Weaponizing Splunk: Attacking The Server

Attacking a default installation of the Splunk Application allows an attacker to gather intelligence about the system, as well as the the victim environment. The attacker’s aim is to gain a foothold without setting off any alarms.

“Through this Weaponizing Splunk investigation, I’ll show how a poorly defended Splunk system can allow attackers to do some serious damage to your network and organization.”
-Ryan, TBG Security‘s Director of Security Engineering


 

Attack Demonstration Lab Setup

Victim Server Configuration
Ubuntu 16.04
Splunk Server 6.5.3

Penetration Testing System Configuration
Kali Linux Rolling

 

Attack Missions on Splunk Server (Videos)

Cyberattack Video: Reviewing The Logs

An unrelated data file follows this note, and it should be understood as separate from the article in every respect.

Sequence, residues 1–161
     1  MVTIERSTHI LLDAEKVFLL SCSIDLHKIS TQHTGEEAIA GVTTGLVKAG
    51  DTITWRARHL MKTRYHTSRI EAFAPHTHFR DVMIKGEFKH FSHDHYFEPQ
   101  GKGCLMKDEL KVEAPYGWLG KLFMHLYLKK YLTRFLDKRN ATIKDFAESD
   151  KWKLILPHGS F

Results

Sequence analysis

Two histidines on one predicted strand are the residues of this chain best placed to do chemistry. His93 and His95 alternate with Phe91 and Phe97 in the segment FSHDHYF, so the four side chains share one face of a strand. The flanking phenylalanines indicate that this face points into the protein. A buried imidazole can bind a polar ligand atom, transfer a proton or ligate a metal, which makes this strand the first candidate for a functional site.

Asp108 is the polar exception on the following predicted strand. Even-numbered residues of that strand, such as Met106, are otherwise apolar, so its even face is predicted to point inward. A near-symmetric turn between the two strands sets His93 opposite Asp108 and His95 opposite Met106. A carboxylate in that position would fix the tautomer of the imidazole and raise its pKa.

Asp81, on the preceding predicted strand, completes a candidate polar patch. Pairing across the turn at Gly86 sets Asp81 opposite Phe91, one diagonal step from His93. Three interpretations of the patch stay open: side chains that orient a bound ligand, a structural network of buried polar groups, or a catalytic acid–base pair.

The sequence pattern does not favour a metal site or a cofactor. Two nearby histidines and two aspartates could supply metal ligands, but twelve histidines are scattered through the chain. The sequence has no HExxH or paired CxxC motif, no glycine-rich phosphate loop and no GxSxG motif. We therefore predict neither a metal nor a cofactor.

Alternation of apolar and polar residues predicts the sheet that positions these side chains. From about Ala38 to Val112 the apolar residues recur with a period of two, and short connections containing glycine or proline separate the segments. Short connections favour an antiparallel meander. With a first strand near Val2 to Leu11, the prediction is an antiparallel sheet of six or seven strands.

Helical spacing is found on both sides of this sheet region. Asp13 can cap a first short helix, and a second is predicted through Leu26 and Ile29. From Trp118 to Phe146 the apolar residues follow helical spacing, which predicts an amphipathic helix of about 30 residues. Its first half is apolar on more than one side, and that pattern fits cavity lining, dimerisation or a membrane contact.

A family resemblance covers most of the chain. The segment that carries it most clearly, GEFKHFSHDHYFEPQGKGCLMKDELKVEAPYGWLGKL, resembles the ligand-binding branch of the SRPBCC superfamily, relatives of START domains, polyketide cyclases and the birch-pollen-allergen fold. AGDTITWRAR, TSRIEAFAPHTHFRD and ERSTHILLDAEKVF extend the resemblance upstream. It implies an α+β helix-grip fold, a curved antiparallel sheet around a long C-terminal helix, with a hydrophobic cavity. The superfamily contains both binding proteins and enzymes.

Accessing the logs can provide an attacker with valuable intelligence about the victim environment. This information could allow an unauthorized person to build a very detailed attack profile.


Cyberattack Video: Get Local File Access
Accessing the operating system files can provide an attacker with credentials, confidential information, password hashes, or other very private information. This information could allow an unauthorized person to gain privileged access into the victim environment.


Weaponizing Splunk Malicious Apps

Cyberattack Video: Malicious Applications
Running malicious or unauthorized Splunk “add-ons” allows an attacker to execute code on a Splunk server. This can allow them to fully compromise the server and gain that initial foothold into the victim environment.


Weaponizing Splunk Extract Data

Cyberattack Video: Extract Data
Splunk stores credentials and other vital confidential information within its configuration files. This information is stored securely in an encrypted format, but using Splunk and its API, it is possible for an attacker to extract data in plain-text.


 

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